Need some new keyword ideas? Did you know that one keyword tool doesn't necessarily fit all when you're considering keyword optimization for Google vs. Bing or search vs. social? Beyond researching keywords for Google, there aren't a lot of other tools out there that can help. Fortunately, many networks have a mini keyword research tool built in to their search box known as autosuggest or autocomplete. The following are the best networks for researching long tail keyword phrases and seeing what social properties are best optimized for your target term.
Search Engine Optimization
Your first optimization goal should be getting your website ready for the top three search engines, i.e. those that make up 95% of search queries generated in the U.S. Are their keyword suggestions the same? Let's find out.
While you can use Google's search box for suggestions, the better bet is on Uber Suggest. This tool will give you the A to Z of suggestions based on the keyword you enter, providing you with a potential of 260 ideas (plus an additional 90 involving numbers)
If you're struggling with finding informational vs. commercial intent keyword phrases, browsing through the suggestions can give you some options to choose from relatively quickly. You can even click on these keywords to get even more related matches.
Beyond Google, you will have to use the search box to get autosuggested terms. But as you will to see, each search engine network has different ideas of suggested terms, starting with Bing.
Even though Yahoo's results are powered by Bing, the suggested terms vary from both Google's and Bing's results.
Social Search Optimization
If you want people to be able to find you on social media, then you need to do a little social search optimization for your profiles, pages, updates, and groups. One of the tough parts about social search optimization is that most results – and therefore autosuggests – are personalized based on your account and connections. This means you have two choices when it comes to getting a close to accurate view of autosuggests:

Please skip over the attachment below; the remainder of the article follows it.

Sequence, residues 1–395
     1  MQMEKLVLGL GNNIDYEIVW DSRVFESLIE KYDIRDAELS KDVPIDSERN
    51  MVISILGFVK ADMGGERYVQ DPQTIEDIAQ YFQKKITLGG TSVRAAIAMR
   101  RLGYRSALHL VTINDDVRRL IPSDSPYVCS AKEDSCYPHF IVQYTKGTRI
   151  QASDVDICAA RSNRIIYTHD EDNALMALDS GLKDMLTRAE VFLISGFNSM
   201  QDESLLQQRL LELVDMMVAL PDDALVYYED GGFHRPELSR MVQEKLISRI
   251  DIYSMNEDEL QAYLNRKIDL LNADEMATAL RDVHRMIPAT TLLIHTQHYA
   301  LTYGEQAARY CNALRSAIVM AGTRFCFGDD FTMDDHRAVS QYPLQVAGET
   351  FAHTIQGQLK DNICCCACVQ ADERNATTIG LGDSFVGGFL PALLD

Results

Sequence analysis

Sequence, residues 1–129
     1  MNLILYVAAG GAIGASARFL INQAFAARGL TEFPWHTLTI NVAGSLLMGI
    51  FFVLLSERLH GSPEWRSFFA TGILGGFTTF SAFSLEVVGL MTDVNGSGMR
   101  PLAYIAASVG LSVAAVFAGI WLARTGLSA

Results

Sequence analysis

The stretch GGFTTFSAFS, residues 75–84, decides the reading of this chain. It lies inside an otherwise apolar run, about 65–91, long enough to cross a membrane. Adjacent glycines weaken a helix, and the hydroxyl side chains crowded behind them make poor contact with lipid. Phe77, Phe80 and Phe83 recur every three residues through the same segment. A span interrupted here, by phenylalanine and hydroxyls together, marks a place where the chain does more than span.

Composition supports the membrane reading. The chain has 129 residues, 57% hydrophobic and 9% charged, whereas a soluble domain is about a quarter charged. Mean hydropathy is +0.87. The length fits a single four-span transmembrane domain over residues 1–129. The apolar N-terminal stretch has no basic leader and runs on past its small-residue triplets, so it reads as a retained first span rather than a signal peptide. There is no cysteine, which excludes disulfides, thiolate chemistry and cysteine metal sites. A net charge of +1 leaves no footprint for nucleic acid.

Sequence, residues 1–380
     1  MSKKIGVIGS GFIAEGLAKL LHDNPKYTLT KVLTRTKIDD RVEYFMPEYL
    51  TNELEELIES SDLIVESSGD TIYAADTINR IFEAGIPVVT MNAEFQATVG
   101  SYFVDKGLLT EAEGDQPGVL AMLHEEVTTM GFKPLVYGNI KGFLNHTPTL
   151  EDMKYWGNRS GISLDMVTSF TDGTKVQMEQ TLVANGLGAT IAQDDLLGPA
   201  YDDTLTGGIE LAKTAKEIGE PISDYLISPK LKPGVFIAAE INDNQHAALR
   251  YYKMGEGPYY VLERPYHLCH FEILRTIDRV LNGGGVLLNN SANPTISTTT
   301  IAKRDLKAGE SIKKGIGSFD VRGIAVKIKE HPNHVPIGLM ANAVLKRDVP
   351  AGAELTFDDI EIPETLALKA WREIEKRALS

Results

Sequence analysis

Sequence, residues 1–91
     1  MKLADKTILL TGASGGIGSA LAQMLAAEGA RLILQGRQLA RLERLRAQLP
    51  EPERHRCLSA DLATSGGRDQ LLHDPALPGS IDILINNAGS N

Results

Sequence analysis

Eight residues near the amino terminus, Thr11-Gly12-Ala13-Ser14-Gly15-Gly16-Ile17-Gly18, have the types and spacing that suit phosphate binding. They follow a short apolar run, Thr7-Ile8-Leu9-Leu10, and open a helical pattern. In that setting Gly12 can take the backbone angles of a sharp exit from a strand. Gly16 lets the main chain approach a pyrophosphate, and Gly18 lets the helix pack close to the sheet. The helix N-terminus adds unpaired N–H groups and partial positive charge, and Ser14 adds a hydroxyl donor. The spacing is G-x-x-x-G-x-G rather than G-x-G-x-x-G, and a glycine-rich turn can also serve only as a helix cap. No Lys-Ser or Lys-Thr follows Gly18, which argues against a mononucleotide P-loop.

Use a relatively blank profile – no connections, no profile information filled out, etc.
Use a profile that is set up like your ideal customer's profile would be based on location, interests, public pages liked, groups followed, etc.
Once you have that set up, you can continue trying the follow autosuggests on social media.
Twitter generally offers up two types of autosuggestions based on what you are typing in – general searches (noted by a magnifying glass icon) or profiles.
The people suggestions can be particularly useful in finding the top profiles optimized for the keyword you are targeting. In this case, you learn that having keywords in your profile name can be especially helpful.
Autosuggest on Facebook is quite interesting, thanks to Graph Search. First, people will get the basic Graph Search options.
If this doesn't distract them, then they can type in their keyword and get a variety of types of results, from people to groups.
Again, you learn that Facebook entities with the keyword in the title will rank first in autosuggest. It also goes to show that having a group on a particular topic can help you lure in potential customers.
LinkedIn search, similar to Facebook, shows different types of suggested of results including profiles, groups, and companies.
You guessed it. Anything with the keyword in the name – people, companies and groups – makes it to the top of the suggestions.
Google+ also gives you a selection to choose from when it comes to suggested results for people, pages, and communities.
Google+ completes the social media trend of suggested results having the keyword in the name.
The moral of the story: the first suggested results would almost always be connections. Therefore, it's good to make sure your profile / page is connected to as many of your ideal customers as possible.
What networks do you like using autosuggest / autocomplete to learn from?
Scott Cohen is the CEO of 180Fusion, an award winning company that provides professional and affordable SEO services. Scott has an extensive background as a successful entrepreneur and executive in software, Internet and compliance industries.